The Guidelines also indicate that patients with CAP should be treated for at least five days; before treatment is discontinued, patients should be clinically stable and free of fever for 48- 72 hours. Therapy may be required for a longer period if the patient fails to respond to initial treatment or if there are other comorbidities, such as cancer and heart disease.

Preventing CAP

The primary method for preventing CAP is inoculation with the pneumococcal vaccine. All older adults and others who have medical conditions that place them at high risk should receive it. A survey in 2003 revealed that only 69% of adults 65 years of age and older had received the flu vaccine and even fewer, 64%, had ever received the pneumonia vaccine. Better compliance with use of these vaccines could be effective in reducing the incidence of CAP.

The Guidelines for CAP were published in Clinical Infectious Diseases (2007:44 Suppl 2:S27-S72) and are available online at: (accessed May 9, 2008). Additionally, PDA files with links for easy browsing can be downloaded at: (accessed May 9, 2008).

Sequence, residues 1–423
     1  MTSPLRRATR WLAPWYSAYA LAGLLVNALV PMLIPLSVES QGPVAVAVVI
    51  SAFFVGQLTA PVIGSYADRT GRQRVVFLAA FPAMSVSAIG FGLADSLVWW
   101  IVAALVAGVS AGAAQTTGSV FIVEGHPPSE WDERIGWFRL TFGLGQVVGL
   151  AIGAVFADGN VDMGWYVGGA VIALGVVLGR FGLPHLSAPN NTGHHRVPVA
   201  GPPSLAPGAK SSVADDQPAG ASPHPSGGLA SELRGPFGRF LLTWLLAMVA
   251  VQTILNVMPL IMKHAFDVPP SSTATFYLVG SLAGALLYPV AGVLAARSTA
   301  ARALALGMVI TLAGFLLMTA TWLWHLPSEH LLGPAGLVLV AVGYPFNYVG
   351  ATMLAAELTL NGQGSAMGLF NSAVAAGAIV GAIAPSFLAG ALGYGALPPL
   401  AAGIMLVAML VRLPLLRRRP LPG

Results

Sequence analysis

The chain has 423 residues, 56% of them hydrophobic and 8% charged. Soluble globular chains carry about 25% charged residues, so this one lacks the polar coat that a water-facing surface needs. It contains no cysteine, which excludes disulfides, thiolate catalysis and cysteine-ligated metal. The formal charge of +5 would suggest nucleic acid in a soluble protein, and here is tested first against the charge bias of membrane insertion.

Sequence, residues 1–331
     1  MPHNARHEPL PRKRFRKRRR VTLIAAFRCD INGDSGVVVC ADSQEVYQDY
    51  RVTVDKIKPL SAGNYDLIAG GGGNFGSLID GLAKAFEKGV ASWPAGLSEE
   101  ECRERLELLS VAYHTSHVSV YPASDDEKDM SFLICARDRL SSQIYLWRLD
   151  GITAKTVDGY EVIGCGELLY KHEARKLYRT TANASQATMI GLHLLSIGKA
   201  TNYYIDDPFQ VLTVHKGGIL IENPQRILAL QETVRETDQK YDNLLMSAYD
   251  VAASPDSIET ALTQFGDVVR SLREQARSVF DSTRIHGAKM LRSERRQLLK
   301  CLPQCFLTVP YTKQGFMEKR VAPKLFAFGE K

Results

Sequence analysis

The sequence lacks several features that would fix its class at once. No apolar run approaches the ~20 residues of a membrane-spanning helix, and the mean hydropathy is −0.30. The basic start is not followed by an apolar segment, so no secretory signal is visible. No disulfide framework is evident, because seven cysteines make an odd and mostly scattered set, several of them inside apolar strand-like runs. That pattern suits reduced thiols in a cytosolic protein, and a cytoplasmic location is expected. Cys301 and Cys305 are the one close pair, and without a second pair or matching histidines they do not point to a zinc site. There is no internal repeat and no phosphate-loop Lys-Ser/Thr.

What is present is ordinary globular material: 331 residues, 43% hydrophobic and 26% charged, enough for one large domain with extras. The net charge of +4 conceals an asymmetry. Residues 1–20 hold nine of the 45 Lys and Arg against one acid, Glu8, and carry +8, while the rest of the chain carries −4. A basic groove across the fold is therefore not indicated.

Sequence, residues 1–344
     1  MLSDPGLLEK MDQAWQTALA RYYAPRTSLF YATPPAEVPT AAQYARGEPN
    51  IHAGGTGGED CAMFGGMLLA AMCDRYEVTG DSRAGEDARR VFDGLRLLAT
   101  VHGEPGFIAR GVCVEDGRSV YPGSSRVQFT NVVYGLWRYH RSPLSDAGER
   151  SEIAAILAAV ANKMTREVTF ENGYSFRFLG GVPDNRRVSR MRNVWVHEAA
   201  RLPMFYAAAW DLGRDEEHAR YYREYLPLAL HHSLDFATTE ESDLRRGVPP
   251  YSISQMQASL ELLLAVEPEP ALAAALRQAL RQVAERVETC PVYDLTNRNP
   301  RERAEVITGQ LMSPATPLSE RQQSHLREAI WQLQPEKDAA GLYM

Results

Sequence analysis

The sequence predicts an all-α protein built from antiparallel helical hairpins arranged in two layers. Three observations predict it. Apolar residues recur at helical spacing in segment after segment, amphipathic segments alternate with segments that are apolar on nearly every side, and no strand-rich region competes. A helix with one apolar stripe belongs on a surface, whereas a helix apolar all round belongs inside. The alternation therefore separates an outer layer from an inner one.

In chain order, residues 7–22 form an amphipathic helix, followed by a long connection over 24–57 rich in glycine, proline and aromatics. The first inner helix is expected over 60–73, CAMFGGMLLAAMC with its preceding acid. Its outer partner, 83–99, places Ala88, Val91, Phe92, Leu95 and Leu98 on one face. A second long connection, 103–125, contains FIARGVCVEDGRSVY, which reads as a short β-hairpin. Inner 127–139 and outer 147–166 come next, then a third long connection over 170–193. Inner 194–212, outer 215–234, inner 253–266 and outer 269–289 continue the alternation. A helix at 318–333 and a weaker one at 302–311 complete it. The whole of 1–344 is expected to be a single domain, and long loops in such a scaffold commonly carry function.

Ms. Saul is a medical writer in Chicago.

Read on

  • UpToDate. Patient information: pneumonia in adults. Available at Accessed May 9, 2008.
  • CDC. About antibiotic resistance. Available at /drugresistance/community/antibiotic-resistance.htm.
  • Emedicine. Pneumonia, community-acquired. Available at Accessed May 9, 2008.
  • Low D. Reducing antibiotic use in influenza: challenges and rewards. Clin Microbiol Infect. 2008;14:298-306.
  • Lutfiyya MN, Henley E, Chang LF, Reyburn SW. Diagnosis and treatment of community-acquired pneumonia. Am Fam Physician. 2006;73:442-450.
  • Mandell LA, Wunderink RG, Anzueto A, et al. Infectious Diseases Society of America/American Thoracic Society consensus guidelines on the management of community-acquired pneumonia in adults. Clin Infect Dis. 2007;44 Suppl 2:S27-S72.